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Dogs Experience Similar Emotions as Humans, Study

Update Date: Oct 07, 2013 08:20 PM EDT

Dogs may be similarly in tune with humans' emotions. The caudate nucleus, a region belonging to the structure and function of the human and canine brain has been recently studied through canine MRI's showing us that our furry companions may "feel" more than we know.

Professor of Neuroeconomics, Gregory Berns from Emory University has performed a two year study on how dogs are receptive to human interaction and how their brains function. With the assistance of his friend Mark Spivak, a dog trainer, the study has been made possible. 

According to The New York Times, since dogs are incapable of speaking, scientists have had to resort to observing their behaviors in an attempt to understand what they are thinking and feeling. However, with Berns canine MRI study, we are capable to learn more of the mystery.

"By looking directly at their brains and bypassing the constraints of behaviorism, MRI's can tell us about dogs' internal states," Berns said in the Times.

Berns' dog Callie, a skinny black terrier mix that was rescued from a shelter in the southern Appalachians, was the first to undergo his study.

With several months of training, Spivak and Berns taught Callie how to place herself into a mock MRI simulator that was built in Berns' living room.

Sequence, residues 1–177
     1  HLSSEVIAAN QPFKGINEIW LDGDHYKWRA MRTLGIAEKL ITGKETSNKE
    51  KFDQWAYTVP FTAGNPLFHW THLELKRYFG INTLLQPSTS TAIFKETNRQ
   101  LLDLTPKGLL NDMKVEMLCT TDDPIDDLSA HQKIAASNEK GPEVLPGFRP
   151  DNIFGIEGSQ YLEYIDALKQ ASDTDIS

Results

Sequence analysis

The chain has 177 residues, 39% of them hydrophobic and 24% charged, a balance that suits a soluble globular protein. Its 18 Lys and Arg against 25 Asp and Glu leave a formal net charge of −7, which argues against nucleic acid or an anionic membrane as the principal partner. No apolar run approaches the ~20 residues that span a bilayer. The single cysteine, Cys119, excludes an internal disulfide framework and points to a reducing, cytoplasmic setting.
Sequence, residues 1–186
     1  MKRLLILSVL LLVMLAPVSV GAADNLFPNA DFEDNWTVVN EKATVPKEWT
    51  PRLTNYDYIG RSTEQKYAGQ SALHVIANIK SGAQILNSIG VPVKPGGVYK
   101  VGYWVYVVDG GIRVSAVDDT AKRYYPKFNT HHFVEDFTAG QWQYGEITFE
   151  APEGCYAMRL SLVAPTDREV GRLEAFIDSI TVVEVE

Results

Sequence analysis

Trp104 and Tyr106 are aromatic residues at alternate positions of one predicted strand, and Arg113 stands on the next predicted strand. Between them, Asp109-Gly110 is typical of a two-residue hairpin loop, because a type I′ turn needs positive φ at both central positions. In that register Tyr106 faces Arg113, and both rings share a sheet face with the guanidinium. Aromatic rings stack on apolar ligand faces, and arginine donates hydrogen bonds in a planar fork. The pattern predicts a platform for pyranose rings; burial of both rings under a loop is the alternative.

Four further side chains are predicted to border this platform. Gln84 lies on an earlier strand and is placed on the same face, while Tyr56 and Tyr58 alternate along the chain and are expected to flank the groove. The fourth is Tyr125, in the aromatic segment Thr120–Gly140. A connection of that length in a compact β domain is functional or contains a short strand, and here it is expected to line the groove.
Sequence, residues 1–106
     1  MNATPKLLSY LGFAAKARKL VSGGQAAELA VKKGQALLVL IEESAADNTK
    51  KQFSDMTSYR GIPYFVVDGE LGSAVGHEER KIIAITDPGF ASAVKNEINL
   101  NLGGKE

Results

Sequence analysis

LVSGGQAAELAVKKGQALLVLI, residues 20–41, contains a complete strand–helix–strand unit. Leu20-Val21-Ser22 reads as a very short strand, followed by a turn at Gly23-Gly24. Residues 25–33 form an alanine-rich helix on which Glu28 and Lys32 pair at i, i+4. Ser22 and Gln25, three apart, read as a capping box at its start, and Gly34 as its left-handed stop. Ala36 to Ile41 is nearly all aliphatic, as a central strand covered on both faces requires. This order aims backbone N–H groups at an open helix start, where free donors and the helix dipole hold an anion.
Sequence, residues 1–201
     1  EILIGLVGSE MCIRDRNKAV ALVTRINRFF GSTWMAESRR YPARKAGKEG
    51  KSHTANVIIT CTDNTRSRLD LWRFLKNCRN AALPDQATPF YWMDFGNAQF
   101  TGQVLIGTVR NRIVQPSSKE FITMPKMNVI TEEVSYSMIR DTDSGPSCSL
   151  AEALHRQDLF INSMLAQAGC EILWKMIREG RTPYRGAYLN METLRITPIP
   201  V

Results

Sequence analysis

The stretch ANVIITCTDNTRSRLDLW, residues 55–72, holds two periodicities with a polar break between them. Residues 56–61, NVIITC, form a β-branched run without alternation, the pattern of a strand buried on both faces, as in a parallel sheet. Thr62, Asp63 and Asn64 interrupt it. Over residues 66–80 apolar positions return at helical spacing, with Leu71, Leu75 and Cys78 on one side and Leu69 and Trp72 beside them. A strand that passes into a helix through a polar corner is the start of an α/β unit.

She was taught how to assemble her head in a chin rest customized to her chin structure and how to hold still for the longevity of 30 seconds at a time. In addition, Callie had to get comfortable with wearing earmuffs to protect her sensitive hearing from the uncomfortably loud noise the scanner made.After successfully obtaining an MRI of Callie, Berns observed that the caudate in canines like humans was activated in similar ways.

Based on Berns study, located directly between the brainstem and the cortex, the caudate nucleus was found to increase the response of hand signals for demonstrating food and the smells of familiar humans.   

Comparatively enough, the anticipation of food humans eat, the love we feel for others and our joy for money is also the function of the caudate said Berns. 

"The ability to experience positive emotions, like love and attachment, would mean that dogs have a level of sentience comparable to that of a human child," said Berns. "And this ability suggests a rethinking of how we treat dogs."

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